For the topping, whisk together melted butter, parsley, and garlic powder in a small bowl. Brush the tops of the biscuits and serve immediately.

Makes about 12 biscuits.

If you like this blog and don’t want to miss a single post, subscribe to Chuck Wagoneer by clicking on the Follow Us button in the upper right corner and follow us on Facebook and Pinterest for the latest updates and more stuff!

Categories: Box Oven, Breakfasts, Dutch Oven, Recipes, Sides | Tags: , , , , , , , , , , , , , , | 2 Comments

Easy Peasy Peach Crisp

My sister is going peach picking soon, so now I’m dreaming of peach pie, peach cobbler, and peach crisp. I made this peach crisp about a month ago and it was so yummy, I made it again this past weekend!

This peach crisp is sweet and delicious. The topping is light and crispy. It’s the perfect dessert on a warm summer night. Pack along some vanilla ice cream in a cooler with a lot of ice and/or dry ice and you have a match made in heaven!

When I’m teaching and/or cooking for a large group, I often need to accommodate food allergies. That was the case a few weeks ago when I was teaching outdoor cooking to Cub Scout and Boy Scout leaders. I wanted to make a Dutch oven dessert that was gluten free. Crisps are a great way to do that because they typically require very little flour or what flour there is can be easily substituted with almond and/or rice flour. The almond flour will add just a bit of nuttiness and the rice flour will bring a bit of snappy crispness. Both are a straight across 1-to-1 substitution for all-purpose flour. I made this one with almond flour.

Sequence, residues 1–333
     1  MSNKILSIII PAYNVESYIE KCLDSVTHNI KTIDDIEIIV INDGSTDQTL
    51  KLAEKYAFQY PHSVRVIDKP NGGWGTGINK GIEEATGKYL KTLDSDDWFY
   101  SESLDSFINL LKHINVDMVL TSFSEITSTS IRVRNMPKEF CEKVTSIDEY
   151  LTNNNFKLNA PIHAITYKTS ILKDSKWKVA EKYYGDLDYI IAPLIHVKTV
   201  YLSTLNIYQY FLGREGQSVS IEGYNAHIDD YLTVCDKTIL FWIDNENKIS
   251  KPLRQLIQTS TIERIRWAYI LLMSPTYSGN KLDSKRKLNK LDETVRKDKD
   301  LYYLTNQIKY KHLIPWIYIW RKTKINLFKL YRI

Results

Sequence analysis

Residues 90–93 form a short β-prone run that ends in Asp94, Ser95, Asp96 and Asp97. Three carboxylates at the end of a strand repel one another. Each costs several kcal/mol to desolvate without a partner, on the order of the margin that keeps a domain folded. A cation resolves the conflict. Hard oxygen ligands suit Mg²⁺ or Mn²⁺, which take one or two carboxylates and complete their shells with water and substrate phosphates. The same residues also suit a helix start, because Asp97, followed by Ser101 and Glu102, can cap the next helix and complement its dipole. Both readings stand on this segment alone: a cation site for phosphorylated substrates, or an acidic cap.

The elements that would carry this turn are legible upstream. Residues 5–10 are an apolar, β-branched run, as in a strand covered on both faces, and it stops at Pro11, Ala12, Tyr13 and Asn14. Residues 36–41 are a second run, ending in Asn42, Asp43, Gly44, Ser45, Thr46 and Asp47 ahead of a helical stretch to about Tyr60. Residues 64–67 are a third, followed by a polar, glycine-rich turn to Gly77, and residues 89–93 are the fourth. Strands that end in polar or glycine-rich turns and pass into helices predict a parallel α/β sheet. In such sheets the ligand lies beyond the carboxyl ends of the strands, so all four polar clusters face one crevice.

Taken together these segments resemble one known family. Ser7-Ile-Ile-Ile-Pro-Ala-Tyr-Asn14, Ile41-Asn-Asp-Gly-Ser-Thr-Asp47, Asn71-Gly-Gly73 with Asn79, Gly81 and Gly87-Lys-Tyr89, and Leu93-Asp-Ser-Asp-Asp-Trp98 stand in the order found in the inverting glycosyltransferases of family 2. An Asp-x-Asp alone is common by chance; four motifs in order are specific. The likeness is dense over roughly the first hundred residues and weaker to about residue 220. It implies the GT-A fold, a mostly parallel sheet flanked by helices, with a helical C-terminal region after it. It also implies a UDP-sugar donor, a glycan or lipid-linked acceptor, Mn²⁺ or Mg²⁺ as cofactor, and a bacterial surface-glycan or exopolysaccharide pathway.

If you don’t have any nut allergies in your group, add some chopped walnuts or pecans to the topping for added crunch and flavor. About a handful ought to do it. Eyeball it. You can’t go wrong!

You can use fresh, frozen or canned peaches for this recipe. If using frozen peaches, thaw, and drain any excess liquid. If using canned peaches, use peaches that are canned in juice (not syrup) and completely drain them first.

If you don’t have a Dutch oven, you could make this in a pie or baking dish and bake in a box oven.